Or Do FX Rates Matter?
To ask the question “Do FX Rates Matter” is most astonishing to a Forex trader. Certainly an exchange rate matters, he/she will answer and say, that a country with a cheaper exchange rate is able to sell more products because they will cost less on the global market. This gives a current account surplus and pushes the GDP upwards.
A long-term perspective
We are of the strong opinion that Forex rates for certain countries do not matter in the long-run. The best proof is the following graph, the long-term rate for USD/CHF since 1970. Does Switzerland have a competitive disadvantage now? Should the SNB move the USD/CHF floor back to 4.25?
The main driver is the nearly always positive Swiss current account and the regular US current account deficit and the need for the United States to devalue the dollar especially in the 1970s. The simple economic principle is that local goods are paid with foreign currency. Therefore there is too much offer of foreign currency (the USD) and it must depreciate.
In previous systems – during the gold standard or during the Bretton Woods era, a trade deficit system resulted into a transfer of gold reserves to the countries with a trade surplus. Since it did not make sense to transport the gold from the America, e.g. to Germany, the gold reserves remained in the country with the trade deficit.
A similar picture applies to the German and the Japanese current accounts and their ever rising currency. The following graph shows that the United States needed to devalue the dollar already even during times of fixed-exchange rates, according to the Bretton Woods rules.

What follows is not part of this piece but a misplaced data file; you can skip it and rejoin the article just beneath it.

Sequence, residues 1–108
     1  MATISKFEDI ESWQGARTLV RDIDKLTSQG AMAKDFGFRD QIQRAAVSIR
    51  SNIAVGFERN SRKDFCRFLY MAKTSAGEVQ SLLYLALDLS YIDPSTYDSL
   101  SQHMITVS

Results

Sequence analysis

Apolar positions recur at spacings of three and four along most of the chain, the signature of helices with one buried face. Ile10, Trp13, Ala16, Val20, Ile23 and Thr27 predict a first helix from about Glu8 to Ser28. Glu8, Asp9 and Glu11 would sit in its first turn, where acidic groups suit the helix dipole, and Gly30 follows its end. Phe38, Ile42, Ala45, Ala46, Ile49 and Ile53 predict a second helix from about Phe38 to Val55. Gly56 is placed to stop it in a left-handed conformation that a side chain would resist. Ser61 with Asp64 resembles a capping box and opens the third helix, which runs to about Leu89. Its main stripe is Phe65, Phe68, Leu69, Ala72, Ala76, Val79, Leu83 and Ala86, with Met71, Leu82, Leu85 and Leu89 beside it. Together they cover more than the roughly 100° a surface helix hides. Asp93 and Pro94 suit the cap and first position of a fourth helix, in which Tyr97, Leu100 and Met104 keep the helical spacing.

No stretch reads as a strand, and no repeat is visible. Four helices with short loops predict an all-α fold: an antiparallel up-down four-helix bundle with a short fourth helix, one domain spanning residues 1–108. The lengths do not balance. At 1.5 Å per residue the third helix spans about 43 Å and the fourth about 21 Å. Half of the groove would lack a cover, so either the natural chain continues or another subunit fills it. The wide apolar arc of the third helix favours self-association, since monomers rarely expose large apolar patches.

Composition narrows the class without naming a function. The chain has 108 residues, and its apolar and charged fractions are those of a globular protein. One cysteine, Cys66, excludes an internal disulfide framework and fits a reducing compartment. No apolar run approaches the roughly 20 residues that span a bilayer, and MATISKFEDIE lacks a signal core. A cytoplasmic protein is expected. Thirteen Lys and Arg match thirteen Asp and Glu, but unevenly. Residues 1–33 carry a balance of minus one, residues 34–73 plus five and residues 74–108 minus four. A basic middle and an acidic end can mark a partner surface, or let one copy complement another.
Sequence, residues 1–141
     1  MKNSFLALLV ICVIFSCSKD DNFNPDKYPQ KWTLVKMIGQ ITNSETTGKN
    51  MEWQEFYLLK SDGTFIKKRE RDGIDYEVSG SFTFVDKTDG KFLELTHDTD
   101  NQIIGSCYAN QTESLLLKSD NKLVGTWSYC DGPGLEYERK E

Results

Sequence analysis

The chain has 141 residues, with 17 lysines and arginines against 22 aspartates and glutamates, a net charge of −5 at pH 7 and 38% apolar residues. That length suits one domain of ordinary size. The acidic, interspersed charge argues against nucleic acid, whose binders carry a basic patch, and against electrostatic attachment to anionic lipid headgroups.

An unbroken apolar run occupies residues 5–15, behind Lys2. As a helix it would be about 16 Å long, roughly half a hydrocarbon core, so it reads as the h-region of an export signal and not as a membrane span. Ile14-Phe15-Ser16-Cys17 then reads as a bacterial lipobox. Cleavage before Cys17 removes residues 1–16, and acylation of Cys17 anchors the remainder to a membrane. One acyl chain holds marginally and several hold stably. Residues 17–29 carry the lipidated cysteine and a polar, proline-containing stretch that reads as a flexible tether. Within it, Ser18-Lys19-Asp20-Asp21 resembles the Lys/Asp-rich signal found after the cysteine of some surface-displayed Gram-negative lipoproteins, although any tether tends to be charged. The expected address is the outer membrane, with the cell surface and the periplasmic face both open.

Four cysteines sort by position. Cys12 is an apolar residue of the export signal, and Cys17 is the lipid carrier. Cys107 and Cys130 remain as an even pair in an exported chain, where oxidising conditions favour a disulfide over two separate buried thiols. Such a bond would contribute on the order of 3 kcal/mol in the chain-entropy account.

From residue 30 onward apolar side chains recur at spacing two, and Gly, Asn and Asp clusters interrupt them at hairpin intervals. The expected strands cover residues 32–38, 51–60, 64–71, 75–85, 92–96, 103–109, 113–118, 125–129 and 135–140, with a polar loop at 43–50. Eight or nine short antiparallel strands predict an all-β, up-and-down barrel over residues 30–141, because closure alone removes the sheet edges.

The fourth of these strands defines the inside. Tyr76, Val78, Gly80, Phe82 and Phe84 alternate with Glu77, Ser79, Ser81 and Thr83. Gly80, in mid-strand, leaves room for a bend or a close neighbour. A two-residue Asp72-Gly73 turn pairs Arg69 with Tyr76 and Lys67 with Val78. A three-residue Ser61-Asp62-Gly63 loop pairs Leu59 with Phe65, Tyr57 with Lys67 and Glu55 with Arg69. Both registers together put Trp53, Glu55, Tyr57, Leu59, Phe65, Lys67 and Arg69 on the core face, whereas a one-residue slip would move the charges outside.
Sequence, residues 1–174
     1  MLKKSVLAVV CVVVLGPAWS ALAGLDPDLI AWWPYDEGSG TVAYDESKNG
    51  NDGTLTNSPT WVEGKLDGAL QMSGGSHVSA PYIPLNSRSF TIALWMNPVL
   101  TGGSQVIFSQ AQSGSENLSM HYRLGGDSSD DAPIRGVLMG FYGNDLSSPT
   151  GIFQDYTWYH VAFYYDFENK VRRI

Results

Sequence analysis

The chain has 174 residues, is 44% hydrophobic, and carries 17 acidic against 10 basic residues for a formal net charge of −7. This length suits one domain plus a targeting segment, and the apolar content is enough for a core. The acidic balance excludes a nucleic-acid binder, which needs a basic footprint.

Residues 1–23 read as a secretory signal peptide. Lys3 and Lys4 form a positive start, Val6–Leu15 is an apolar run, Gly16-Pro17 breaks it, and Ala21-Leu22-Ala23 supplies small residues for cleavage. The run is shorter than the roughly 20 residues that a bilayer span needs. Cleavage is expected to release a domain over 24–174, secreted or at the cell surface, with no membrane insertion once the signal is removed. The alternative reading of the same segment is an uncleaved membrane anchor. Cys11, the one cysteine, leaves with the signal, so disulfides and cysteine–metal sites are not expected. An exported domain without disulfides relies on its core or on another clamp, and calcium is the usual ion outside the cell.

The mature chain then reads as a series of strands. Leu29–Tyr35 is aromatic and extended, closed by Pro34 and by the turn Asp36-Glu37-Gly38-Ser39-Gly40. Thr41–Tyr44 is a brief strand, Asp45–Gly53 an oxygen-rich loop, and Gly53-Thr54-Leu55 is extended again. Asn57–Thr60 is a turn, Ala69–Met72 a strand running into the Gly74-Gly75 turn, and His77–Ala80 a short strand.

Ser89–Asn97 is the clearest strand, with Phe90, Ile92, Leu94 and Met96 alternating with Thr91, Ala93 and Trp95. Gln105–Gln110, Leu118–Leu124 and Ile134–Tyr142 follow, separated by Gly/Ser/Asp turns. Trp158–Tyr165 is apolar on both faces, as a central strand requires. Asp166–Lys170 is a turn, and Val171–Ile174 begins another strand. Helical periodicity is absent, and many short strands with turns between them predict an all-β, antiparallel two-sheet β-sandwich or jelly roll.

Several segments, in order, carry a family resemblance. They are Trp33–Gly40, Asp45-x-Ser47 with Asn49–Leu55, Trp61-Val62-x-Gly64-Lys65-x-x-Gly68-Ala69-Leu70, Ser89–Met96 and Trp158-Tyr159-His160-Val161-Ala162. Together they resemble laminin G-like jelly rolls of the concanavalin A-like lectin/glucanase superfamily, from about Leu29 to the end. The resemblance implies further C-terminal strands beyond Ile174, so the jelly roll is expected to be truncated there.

The U.S. and the U.K. achieved a stronger capital base until the 1950s, while Europe and Japan managed to recover until 1973 from WWII. They had far higher growth rates.
The long-term real effective exchange rate graph below shows the strength of the Japanese and Swiss currencies between 1970 and 2012 outpacing the US and the UK. South Korea still had to catch up and pass the stage from a less developed country to one of the strongest emerging market between 1970 and 1999. This meant that until the year 1999 South Korean wages rose more strongly than in other countries relatively to productivity resulting in higher inflation and a devaluation of the won. This however changed from 1999 onwards. Similarly as the Swiss National Bank, that recently invested in Won, we judge that South Korea might go the same path as the Swiss and Japanese in the future.
Due to demographic effects the Japanese might see a weaker yen, older people consume more and work less, indicated by the red arrow in the graph. Strangely this argument could also be applied to Germany, Italy or the United States with a smaller and smaller participation rate.
The real mean reversion for currencies
Some economists like Goldman’s O’Neill, in the case of the Swiss franc think: “what strongly falls or rises must come back to mean again”.
The mean reversion is valid for P/E ratios. The P/E ratio must come back to average Shiller Price Earning Ratio. A strongly performing stock like Apple, must return towards the mean, because the competition is able to produce similar products. Stock prices rise over time according to GDP growth and inflation rate (see the Gordon growth model). Indices are positively influenced by a survivor-ship bias and includes sometimes even dividends (Performance indices).
A mean reversion for currencies does not exist neither: currencies with low inflation and persistant current accounts surpluses must appreciate over the time, pairs like USD/CHF must follow a descending channel in the long-term.
The real mean reversion is the mean reversion to the real FX rate.
This is valid under the following conditions:
- There are no expectations for big interest rate differentials, that could lead to a carry trade. Effectively the yen and the Swiss franc were depressed especially between 2003 and 2007.
We will establish some theoretical basis for the concept of a “structually strong economy” on the next page.